Let's be honest with ourselves: in its current app-driven iterations, VoIP is nothing more than a value added novelty. Sure, we Skype with grandma and Lync with our coworkers, but the extent of VoIP penetration into our daily lives starts and stops in bite sized chunks. As much as every me-too VoIP provider would love for us to conduct our lives according to the functionality of their limited purpose apps, the average person usually doesn't have the same feelings about VoIP as IT pros do.
Don't get me wrong in any way. I absolutely love what VoIP has enabled my business and clients to do. We're leveraging Lync on a daily basis with our staff in the field and main office. My clients are using a variety of VoIP endpoints like RingCentral or 8x8 desk phones, soft phone apps, Skype -- even GoToMeeting can be considered VoIP for the voice and video capabilities it provides.
The standard fare of tech industry pundits just don't get it when it comes to Windows RT. They lambasted it when it came out in 2012 (in some ways, rightfully so). They doubted Microsoft would release a Surface 2 variant, and Redmond did just that. And they continue to beat the anti-RT drum loud and clear, using RT device sales figures as their proof of a pending death notice.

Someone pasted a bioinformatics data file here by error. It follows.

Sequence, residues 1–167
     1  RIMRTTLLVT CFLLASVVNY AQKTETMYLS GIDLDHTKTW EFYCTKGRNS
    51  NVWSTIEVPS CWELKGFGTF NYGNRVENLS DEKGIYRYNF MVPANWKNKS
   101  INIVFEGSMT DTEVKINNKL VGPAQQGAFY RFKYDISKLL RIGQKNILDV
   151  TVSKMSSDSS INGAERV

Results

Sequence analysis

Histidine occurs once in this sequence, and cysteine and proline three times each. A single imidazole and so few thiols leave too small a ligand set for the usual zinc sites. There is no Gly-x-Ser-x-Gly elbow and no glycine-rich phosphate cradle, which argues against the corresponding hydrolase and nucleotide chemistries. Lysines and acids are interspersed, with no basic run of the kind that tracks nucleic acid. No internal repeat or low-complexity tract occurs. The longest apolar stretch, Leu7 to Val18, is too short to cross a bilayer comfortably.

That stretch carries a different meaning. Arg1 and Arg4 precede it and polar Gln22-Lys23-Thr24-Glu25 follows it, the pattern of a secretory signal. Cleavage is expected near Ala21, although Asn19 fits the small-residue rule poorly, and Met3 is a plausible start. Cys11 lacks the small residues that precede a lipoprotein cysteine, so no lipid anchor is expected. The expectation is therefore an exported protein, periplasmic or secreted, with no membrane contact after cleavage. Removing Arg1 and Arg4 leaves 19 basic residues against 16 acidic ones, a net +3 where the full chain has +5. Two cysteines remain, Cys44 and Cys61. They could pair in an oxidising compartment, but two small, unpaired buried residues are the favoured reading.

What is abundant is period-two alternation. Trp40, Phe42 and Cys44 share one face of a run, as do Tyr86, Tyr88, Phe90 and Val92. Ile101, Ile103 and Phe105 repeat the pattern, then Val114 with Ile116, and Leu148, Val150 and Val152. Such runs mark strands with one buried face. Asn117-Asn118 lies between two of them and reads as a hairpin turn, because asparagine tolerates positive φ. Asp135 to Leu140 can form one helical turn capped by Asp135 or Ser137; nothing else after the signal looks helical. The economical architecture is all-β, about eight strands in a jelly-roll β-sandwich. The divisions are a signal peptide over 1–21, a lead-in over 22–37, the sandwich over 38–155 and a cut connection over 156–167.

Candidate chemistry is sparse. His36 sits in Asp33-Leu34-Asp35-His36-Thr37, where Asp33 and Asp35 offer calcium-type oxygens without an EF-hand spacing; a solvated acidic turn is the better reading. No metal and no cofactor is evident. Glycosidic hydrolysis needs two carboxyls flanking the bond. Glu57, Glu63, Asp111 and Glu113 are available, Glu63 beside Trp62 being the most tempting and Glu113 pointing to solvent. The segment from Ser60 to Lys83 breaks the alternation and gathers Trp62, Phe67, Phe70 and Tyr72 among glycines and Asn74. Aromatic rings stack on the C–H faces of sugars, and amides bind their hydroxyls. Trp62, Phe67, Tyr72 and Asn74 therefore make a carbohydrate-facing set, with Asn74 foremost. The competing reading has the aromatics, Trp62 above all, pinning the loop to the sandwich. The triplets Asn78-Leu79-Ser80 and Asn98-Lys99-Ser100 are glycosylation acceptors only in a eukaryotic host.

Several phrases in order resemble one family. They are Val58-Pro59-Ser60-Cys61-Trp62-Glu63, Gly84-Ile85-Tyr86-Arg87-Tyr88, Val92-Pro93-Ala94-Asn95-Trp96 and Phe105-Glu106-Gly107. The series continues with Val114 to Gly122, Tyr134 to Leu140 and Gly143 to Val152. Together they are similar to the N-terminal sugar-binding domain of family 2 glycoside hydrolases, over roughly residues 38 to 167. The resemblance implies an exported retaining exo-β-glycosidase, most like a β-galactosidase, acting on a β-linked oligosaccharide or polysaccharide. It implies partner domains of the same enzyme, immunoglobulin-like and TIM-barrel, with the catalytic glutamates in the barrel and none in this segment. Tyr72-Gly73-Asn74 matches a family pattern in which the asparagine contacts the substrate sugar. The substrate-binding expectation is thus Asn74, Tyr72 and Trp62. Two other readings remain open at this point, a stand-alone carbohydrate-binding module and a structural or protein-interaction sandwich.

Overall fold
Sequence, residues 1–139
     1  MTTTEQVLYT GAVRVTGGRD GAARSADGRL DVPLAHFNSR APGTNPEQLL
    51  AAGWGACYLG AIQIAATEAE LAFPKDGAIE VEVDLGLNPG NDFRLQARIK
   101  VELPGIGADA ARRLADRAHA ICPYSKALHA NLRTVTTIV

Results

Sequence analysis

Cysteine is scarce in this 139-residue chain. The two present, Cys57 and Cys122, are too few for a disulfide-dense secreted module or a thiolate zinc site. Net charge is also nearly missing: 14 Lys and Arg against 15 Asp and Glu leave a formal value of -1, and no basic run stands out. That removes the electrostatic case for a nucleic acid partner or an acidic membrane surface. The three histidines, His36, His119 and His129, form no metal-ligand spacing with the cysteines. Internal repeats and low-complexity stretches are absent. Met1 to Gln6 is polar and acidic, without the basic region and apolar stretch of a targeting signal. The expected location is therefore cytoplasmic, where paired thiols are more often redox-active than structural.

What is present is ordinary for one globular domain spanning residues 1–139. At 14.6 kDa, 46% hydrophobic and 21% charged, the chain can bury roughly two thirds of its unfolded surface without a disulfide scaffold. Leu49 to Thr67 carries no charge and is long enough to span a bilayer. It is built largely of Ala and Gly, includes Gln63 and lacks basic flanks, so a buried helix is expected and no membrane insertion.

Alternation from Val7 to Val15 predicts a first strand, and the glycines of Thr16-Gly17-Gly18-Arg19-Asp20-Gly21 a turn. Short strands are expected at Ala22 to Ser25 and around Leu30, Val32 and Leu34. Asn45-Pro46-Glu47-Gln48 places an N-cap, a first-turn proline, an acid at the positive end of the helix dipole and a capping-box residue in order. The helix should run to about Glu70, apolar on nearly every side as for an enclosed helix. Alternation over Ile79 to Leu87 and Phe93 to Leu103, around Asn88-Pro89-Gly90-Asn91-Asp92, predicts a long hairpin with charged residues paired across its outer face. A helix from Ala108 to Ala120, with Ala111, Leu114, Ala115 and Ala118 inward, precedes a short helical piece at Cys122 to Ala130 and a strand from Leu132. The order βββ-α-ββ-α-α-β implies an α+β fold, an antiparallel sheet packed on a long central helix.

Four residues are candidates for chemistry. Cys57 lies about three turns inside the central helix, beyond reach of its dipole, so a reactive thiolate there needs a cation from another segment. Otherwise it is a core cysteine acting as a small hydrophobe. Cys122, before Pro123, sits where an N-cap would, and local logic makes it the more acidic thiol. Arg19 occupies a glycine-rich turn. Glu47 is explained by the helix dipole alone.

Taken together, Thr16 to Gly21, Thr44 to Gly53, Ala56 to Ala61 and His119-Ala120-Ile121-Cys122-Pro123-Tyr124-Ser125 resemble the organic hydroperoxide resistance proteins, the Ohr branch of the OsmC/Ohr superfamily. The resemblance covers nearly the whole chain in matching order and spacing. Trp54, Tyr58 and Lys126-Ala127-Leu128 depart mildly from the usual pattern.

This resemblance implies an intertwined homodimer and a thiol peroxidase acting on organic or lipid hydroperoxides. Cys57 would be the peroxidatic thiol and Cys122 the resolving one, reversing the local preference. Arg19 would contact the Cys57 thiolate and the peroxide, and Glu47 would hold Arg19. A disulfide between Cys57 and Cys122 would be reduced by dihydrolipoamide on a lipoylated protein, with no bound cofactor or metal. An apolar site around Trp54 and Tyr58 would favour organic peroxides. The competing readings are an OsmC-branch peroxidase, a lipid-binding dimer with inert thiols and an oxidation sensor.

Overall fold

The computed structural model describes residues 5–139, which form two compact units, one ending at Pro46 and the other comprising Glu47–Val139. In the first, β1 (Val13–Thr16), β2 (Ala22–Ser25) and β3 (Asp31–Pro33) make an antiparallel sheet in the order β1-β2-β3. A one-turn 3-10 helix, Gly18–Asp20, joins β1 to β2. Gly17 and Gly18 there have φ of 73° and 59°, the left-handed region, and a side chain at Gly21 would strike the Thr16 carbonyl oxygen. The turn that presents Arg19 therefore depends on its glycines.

Perusing Google, you can come across a wild variety of articles that purport to explain why Microsoft needs to ditch RT altogether. Chris Neiger penned one such piece, and even John Martellaro of MacObserver.com did his best to argue how foolish Microsoft was for even considering RT a serious contender.
Over 1000+ hours of live footage covering 98 Winter Olympics events, all being broadcasted over numerous digital and TV avenues -- simultaneously. As an infrastructure geek at heart, and someone who consults clients on their networks, I can't even fathom what kind of backbone is needed to stream a worldwide event like the Olympics. But NBC has fallen back on a familiar face in the cloud arena to make this magic happen: Microsoft.
NBC partnered with YouTube for the 2012 London Olympics and the experience for end users was less than ideal. Robert Cringely had some truthful words about his efforts to catch some footage, and even the NY Times published a scatching piece on the miserable pain that YouTube was putting users through with buffering times. YouTube may be one the most watched video services on the web today, but their secret sauce has traditionally been in handling statically uploaded footage. Live broadcasting is a whole different arena from the little I know about the media arena.
Watching my RSS streams in Feedly on a daily basis has had my head spinning lately. It's not the usual flood of tech news getting to me. It's all the stories hitting recently about the so-called Internet of Things. For a topic that has so little to show for it in the real world thus far, it sure garners a disproportionate amount of attention in the tech media. So what gives?
Perhaps someone can fill me in on what this Internet of Things is supposed to look like. Is it a different internet? Is it a network solely designated for these newfound "things" that need to talk to every other "thing" out there? Or is it just more of what we already see in the market: giving every device possible an IP address to sit on. I'm just as perplexed at this bogus concept as Mike Elgan from Computerworld. He's calling it a wild idea that is rightly "doomed from the start" for numerous reasons.